A bilateral agreement between Erdogan and his Russian counterpart Vladimir Putin was reached in September 2018, just 10 days after the failure of a three-way summit in Tehran. The agreement allowed for the establishment of a 15-20km deep demilitarised zone in Idlib. In return, Turkey pledged to disarm and remove from the area Hay’et Tahrir al-Sham (HTS) – a rebel group that was previously affiliated with al-Qaeda, which Russia considers a terrorist organisation.
However in January 2019, fearing the collapse of the Russia-Turkey agreement on Idlib after the announcement of the US withdrawal, HTC acted preemptively, taking control of most of the Idlib province. Russia considered the move by HTC a violation of the 2018 agreement.
At Thursday’s Sochi summit, Turkey tried to buy more time to solve the issue in Idlib and prevent an attack that could drive most of the three million refugees living in Idlib towards Turkey. Russia, which attaches great importance to Turkey’s cooperation in Syria, especially at the current state of uncertainty about US policy, does not seem in a hurry to mount an attack in Idlib.
One can, therefore, say that the Russian-Turkish understanding of Idlib will hold until at least the picture in northeastern Syria becomes clear.
The US withdrawal
US President Donald Trump‘s decision to pull out his troops from Syria by April was a major source of tension at this week’s summit. Previously, Turkey, Russia and Iran stood united in their opposition to the policy former Secretary of State Rex Tillerson had outlined to keep US troops after the defeat of ISIL in Syria to curb Iranian influence.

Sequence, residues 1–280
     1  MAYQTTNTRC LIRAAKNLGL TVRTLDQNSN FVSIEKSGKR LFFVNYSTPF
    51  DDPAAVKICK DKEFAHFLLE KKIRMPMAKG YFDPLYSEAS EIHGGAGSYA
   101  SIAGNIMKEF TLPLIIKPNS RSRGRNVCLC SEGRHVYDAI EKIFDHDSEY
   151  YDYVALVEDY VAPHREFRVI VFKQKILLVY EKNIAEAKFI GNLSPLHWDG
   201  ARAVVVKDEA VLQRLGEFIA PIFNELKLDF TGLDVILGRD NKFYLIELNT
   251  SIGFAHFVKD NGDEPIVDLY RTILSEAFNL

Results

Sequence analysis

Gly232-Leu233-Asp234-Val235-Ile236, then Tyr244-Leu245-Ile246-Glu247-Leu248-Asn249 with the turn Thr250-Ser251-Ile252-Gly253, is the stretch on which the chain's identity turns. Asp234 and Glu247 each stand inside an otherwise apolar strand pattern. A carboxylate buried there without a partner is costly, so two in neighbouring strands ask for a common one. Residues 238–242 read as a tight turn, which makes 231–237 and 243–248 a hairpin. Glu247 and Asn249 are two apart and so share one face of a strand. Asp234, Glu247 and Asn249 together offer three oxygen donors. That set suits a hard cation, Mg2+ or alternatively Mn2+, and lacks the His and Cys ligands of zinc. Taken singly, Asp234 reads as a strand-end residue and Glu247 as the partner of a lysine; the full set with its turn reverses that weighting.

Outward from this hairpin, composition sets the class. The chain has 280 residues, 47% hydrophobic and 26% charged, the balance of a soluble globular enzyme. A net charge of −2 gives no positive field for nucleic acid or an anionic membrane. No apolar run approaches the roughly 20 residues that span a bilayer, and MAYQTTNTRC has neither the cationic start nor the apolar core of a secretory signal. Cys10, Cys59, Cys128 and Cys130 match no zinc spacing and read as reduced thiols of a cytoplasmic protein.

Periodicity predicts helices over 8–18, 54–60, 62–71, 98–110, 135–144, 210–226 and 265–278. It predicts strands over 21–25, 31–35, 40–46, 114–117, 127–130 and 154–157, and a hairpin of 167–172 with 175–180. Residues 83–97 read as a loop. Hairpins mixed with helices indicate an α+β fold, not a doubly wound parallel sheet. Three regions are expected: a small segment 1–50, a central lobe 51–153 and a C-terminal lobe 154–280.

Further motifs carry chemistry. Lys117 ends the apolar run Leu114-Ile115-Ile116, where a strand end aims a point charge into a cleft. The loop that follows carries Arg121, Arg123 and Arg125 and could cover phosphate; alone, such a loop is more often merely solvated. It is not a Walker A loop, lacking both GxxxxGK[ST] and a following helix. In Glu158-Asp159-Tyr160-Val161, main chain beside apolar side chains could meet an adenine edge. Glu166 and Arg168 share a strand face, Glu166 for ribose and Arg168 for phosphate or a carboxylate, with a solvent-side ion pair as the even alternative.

The sudden switch must have taken all three by surprise and major differences seem to be emerging within the troika.
Thus, Trump’s decision should be seen as the most important development in the Syrian conflict since the Russian intervention in September 2015. It is likely to have just as much effect on the course of the conflict both on the ground and internationally.
One important point of disagreement between Turkey, Russia, and Iran has been who should inherit the territories held by US allies – the SDF. Turkey’s paramount concern in Syria has always been the Kurdish question. Its ultimate objective is to eliminate the threat posed by the SDF, which is dominated by the Kurdish People’s Protection Units (YPG), armed and trained by the US to fight ISIL. The Turkish government sees the YPG as the Syrian branch of the Kurdistan Workers’ Party (PKK) and considers it a terror group.
It has demanded from the US to disarm it before it withdraws and has proposed a “buffer zone” 30km into Syrian territories along its 450km border with Syria east of the Euphrates. Ankara has already established a “safe zone” on the western bank of the Euphrates through its August 2016 Euphrates Shield and early 2018 Olive Branch operations.
Russia and Iran have completely different visions of what should happen in the US-dominated area. They have suggested that the SDF-held territories should go back under the control of the Syrian regime. Russia seems willing to entertain the Turkish proposal only if it is implemented in coordination with the Syrian regime.